Featuring contributions by some of the leading experts in Korean studies, this book examines the political content of Kim Jong-Il's regime maintenance, including both the domestic strategy for regime survival and North Korea's foreign relations with South Korea, Russia, China, Japan, and the United States. It considers how and why the Democratic People's Republic of Korea (DPRK) became a 'hermit kingdom' in the name of Juche (self-reliance) ideology, and the potential for the barriers of isolationism to endure.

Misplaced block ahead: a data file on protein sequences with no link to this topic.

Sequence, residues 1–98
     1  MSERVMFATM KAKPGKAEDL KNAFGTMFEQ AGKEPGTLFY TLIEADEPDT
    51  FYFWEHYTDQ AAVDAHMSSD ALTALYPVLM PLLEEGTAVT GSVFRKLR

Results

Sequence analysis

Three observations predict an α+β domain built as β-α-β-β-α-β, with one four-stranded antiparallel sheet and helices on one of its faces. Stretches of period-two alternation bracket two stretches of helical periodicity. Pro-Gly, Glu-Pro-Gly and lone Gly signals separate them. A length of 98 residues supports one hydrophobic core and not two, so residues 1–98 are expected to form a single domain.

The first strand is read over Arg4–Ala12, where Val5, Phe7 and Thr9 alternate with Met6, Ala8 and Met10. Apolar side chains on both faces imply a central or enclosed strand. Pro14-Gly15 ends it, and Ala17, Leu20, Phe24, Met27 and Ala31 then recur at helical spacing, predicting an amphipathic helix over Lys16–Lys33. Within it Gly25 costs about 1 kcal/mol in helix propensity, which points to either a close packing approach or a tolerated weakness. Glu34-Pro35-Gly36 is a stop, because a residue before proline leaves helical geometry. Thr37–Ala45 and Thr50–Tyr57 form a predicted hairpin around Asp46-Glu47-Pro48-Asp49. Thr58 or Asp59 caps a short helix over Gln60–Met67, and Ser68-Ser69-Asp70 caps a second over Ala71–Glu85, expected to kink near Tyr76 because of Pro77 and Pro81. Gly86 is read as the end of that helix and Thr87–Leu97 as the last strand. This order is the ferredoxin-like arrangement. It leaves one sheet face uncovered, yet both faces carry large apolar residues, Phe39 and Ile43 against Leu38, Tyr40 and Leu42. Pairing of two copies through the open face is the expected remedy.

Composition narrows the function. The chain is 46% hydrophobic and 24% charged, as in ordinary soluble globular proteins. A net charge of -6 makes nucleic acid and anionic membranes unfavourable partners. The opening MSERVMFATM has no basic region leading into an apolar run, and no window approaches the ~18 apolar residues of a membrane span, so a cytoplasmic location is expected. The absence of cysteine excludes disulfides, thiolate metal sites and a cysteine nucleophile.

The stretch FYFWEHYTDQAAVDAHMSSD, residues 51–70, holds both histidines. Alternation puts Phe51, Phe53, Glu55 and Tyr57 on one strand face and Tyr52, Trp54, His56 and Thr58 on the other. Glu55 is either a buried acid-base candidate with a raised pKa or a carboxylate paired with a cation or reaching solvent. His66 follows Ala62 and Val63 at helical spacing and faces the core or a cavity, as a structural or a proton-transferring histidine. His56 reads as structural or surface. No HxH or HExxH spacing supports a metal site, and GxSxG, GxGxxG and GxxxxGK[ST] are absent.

Fifty-five years after its founding at the dawn of the cold war, North Korea remains a land of illusions. Isolated and anachronistic, the country and its culture seem to be dominated exclusively by the official ideology of Juche, which emphasizes national self-reliance, independence, and worship of the supreme leader, General Kim Jong Il. Yet this socialist utopian ideal is pursued with the calculations of international power politics. Kim has transformed North Korea into a militarized state, whose nuclear weapons, ballistic missiles, and continued threat to South Korea have raised alarm worldwide. This paradoxical combination of cultural isolation and military-first policy has left the North Korean people woefully deprived of the opportunity to advance socially and politically.